Abdominally implanted radiotransmitters have been widely used in studies of waterbird ecology; however, the longer handling times and invasiveness of surgical implantation raise important concerns about animal welfare and potential effects on data quality. Although it is difficult to assess effects of handling and marking wild animals by comparing them with unmarked controls, insights can often be obtained by evaluating variation in handling or marking techniques. Here, we used data from 243 female mallards (Anas platyrhynchos) and mallard–grey duck hybrids (A. platyrhynchos × A. superciliosa) equipped with fully encapsulated abdominally implanted radiotransmitters from 2 study sites in New Zealand during 2014–2015 to assess potential marking effects. We evaluated survival, dispersal, and reproductive effort (e.g., breeding propensity, nest initiation date, clutch size) in response to 3 different attributes of handling duration and procedures: 1) processing time, including presurgery banding, measurements, and blood sampling of unanaesthetized birds; 2) surgery time from initiation to cessation of anesthetic; and 3) total holding time from first capture until release. We found no evidence that female survival, dispersal probability, or reproductive effort were negatively affected by holding, processing, or surgery time and concluded that we collected reliable data without compromising animal welfare. Our results support previous research that techniques using fully encapsulated abdominal-implant radiotransmitters are suitable to enable researchers to obtain reliable estimates of reproductive performance and survival.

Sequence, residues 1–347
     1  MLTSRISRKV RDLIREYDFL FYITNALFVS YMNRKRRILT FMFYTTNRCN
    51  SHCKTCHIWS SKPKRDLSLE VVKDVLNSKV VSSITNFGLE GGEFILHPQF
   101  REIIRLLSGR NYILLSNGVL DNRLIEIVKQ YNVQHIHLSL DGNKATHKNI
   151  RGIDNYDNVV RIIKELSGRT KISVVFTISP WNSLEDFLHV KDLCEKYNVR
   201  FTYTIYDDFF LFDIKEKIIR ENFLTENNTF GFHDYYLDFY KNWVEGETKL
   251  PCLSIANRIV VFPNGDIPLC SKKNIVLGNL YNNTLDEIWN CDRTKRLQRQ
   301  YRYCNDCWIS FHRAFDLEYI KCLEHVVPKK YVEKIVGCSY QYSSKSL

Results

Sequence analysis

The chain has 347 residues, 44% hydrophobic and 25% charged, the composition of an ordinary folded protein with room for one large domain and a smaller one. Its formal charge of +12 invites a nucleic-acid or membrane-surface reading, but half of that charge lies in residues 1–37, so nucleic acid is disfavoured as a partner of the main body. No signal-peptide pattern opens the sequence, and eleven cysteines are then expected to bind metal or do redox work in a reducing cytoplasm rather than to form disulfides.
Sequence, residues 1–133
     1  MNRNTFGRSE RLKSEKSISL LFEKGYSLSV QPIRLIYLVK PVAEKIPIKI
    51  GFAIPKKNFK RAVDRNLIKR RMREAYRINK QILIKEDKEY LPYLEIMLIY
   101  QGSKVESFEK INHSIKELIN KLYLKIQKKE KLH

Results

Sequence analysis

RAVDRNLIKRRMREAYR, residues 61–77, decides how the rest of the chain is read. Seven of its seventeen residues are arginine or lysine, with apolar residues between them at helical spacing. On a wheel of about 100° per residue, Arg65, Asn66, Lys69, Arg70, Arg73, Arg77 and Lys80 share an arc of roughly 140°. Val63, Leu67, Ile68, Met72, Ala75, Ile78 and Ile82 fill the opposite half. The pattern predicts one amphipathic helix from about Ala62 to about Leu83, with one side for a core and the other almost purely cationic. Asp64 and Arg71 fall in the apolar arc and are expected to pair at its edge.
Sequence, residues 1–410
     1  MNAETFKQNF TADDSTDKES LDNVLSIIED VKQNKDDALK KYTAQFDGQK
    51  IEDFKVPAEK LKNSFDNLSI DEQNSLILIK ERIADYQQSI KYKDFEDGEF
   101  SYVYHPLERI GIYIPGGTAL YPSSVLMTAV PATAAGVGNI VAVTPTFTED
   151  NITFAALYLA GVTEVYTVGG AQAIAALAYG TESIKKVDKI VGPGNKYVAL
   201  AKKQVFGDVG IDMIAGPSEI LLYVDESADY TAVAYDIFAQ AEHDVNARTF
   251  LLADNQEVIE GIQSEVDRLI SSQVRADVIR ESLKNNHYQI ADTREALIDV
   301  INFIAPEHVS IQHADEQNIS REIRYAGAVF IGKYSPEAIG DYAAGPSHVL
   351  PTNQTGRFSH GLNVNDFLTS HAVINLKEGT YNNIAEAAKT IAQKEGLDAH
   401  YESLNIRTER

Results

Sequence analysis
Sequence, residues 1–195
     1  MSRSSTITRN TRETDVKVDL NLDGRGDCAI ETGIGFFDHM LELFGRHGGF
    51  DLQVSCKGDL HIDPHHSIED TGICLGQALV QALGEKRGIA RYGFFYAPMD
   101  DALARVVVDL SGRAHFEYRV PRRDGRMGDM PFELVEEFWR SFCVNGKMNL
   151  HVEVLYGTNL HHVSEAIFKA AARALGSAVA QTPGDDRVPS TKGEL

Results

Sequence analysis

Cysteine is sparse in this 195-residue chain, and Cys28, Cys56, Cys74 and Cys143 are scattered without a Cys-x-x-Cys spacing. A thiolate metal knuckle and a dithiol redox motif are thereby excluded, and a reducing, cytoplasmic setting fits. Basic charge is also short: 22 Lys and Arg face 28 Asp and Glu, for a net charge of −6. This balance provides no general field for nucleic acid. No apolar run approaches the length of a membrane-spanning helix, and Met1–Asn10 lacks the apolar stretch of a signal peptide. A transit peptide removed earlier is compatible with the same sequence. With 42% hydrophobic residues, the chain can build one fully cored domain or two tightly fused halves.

Bibliographical noteFunding Information:
We are grateful for the hard work of J. Unfried, E. Garrick, T. Davis, J. Cosgrove, N. Cross, J. W. Price, E. Shields, N. Benson, S. Allard, R. Bartel, and T. Parker. This study would not have been possible without the support of private landowners and we thank them very much. This project was funded by New Zealand Fish and Game Council and Southland Fish and Game. Personal support for J. Sheppard was through New Zealand Fish and Game PhD Scholarship and Natural Science and Engineering Research Council of Canada Postgraduate Scholarship. Ducks Unlimited Canada provided equipment and logistical support. We thank J. D. Stafford, E. A. Roche, and two anonymous reviewers for their constructive reviews of this manuscript. Prior to transmitter deployment, all personnel received supervised surgical and anesthetic training using models and live birds in accordance with the University of Auckland’s Animal Ethics program. K. Machin, D. M. Mulcahy, and M. Wild provided additional training and/or advice for the implant procedure. Any use of trade names is for descriptive purposes only and does not imply endorsement by the University of Auckland, New Zealand Fish and Game Council or the U.S. Government.
- Anas platyrhynchos
- breeding propensity
- holding time
- nest initiation date
- processing time
- surgery time